iPhone Controlled Car: More How-To Materials November 12, 2009

Posted by emiliekopp in code, labview robot projects.
Tags: , , , , , , , ,
add a comment

So if you’ve been following the phenomenal DIY application that has made it to sites like Gizmodo and Cars.com, you might be interested in the detailed How-To docs that the guys behind this wicked-awesome app created. Just in case you haven’t checked out their blog (which you should!), here’s some of the technical materials they’ve shared with us:

  1. Technical Tutorial: Remotely Controlled Automobile – iPhone, Power Wheels, Laptop — Includes system overview as well as a grocery list of all the hardware used
  2. Technical White Paper: Use of Prototyping tools in the “Drive a Car with an iPhone” Video — Lists the software used to rapidly prototype the control system, including LabVIEW
  3. Open Source Code: Code for iPhone Controlled Car — Download the zip file that contains the LabVIEW project and all subVIs that they used in order to control the Oldsmobile with an iPhone, Power Wheels, and Laptop

And there’s plenty more tutorials they’ve created to help explain exactly how they did it. Check them out.

 

Open Source LabVIEW Code: The RoBoard RB-100 November 3, 2009

Posted by emiliekopp in code, labview robot projects.
Tags: , , , , , , , , , , ,
add a comment

This tasty chunk of code comes from the RoboSavvy Forum, a great place for hobbyist and robotics enthusiasts to find low-cost robotics kits, materials and information.

Mr. Richard van der Wolf from the Netherlands created his own open-source RoBoIO library in LabVIEW, which allows you to communicate with and control the Roboard RB-100. This board is compatible with several robot kits that are already out there, including the Kondo Humanoid Robot (KHR), Hitec’s Robonova, the Robotis Bioloid and Robobuilder. In addition, if you build your own hardware platform from scratch, you have plenty of communication standard options to choose from. You can find all the info you would need on the board’s hardware here, on the RoboSavvy site.

And here’s Mr. van der Wolf’s LabVIEW code (man, I wish my name was cool like that): http://www.roboard.com/labview/Labview_RoBoIOv15b.zip

If you run into any issues, I suggest you hit up this forum thread, as it’s specific to the LabVIEW files for the RB-100. Thanks RoboSavvy!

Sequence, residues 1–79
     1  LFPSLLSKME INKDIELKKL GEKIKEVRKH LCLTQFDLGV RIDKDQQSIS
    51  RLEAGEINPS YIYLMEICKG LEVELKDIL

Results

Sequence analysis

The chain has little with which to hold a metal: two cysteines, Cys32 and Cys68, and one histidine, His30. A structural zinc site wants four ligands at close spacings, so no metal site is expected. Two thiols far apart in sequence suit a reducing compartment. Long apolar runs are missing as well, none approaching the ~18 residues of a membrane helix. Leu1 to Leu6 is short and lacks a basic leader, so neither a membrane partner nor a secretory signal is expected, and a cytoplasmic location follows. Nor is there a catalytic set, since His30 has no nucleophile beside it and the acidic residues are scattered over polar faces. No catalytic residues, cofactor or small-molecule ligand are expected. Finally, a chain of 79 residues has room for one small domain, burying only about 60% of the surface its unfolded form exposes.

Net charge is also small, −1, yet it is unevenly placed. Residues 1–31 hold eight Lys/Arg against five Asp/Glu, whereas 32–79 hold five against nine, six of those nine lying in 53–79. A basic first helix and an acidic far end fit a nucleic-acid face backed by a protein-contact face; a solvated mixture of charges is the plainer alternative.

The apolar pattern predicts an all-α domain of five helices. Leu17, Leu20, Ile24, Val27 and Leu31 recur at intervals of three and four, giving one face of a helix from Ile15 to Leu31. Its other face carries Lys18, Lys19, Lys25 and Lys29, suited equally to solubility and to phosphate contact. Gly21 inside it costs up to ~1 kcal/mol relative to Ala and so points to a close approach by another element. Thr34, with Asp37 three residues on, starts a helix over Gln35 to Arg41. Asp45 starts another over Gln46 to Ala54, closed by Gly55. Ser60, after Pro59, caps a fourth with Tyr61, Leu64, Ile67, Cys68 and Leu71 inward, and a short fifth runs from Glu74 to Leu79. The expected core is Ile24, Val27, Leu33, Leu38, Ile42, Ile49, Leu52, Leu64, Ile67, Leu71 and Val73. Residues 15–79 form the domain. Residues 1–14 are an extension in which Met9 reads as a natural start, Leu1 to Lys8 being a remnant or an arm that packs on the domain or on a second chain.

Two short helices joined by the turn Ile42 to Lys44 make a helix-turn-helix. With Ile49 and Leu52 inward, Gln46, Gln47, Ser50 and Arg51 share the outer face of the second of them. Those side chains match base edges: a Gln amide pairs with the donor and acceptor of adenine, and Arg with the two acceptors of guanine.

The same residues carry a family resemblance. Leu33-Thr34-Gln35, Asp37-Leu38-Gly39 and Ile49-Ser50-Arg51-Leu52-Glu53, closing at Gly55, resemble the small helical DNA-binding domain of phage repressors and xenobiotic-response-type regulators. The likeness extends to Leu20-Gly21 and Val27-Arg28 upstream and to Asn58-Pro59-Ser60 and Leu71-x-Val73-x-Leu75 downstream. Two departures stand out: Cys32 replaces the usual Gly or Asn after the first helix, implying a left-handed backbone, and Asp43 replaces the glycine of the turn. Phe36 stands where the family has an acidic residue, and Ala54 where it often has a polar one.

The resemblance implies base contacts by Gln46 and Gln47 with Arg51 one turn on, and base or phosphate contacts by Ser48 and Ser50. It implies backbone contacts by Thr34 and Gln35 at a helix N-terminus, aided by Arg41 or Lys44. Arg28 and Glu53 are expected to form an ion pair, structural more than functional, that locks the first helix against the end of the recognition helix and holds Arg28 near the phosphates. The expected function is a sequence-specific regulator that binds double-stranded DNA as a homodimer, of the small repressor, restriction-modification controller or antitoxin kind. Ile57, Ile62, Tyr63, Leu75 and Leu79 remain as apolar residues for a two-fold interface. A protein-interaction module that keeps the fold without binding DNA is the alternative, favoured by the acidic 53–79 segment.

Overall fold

Open Source LabVIEW Code: LIDAR Example featuring Radiohead September 15, 2009

Posted by emiliekopp in code, labview robot projects.
Tags: , , , , , , , , ,
1 comment so far

This one is compliments of Alessandro Ricco, a LabVIEW Champion in Italy who had some free time on his hands. He was inspired by Radiohead’s music video for House of Cards. Some of you may recall, this is the music video that was created without any filming, whatsoever. Rather, the producers recorded 3D images of Thom Yorke singing the lyrics with a Velodyne LIDAR sensor and then played back the data, in sync with the song.

I mentioned LIDAR technology before when describing the Blind Driver Car from Virginia Tech. There’s a ton of other robots that I’ve come across that use LIDAR for sensing and perception, so I figured you robot builders out there might be interested in getting your hands on some code to do this yourself.

Start by downloading Alessandro’s example here. You’ll need LabVIEW 8.5 or newer. If you don’t have LabVIEW, you can download free evaluation software here (be warned, it might take some time to download).

You’ll also need to find yourself some LIDAR data. If you don’t have a $20,000 LIDAR sensor lying around the lab, you can simply download the LIDAR data from the Radiohead music video from Google Code.

On the other hand, if you do have a LIDAR lying around and let’s say you want to create your own music video (or perhaps more likely, if you just want to create a video recording of the 3D data your mobile robot just acquired), Alessandro also includes a VI that saves each 3D plot as a .jpeg and then strings them all together to create an .avi. Here’s where you can find the necessary IMAQ driver VIs to do this part (be sure to download NI-IMAQ 4.1, I don’t think you’ll need the other stuff).

radiohead

Big thanks to Alessandro. His instructions, documented in his VIs, are exceptional.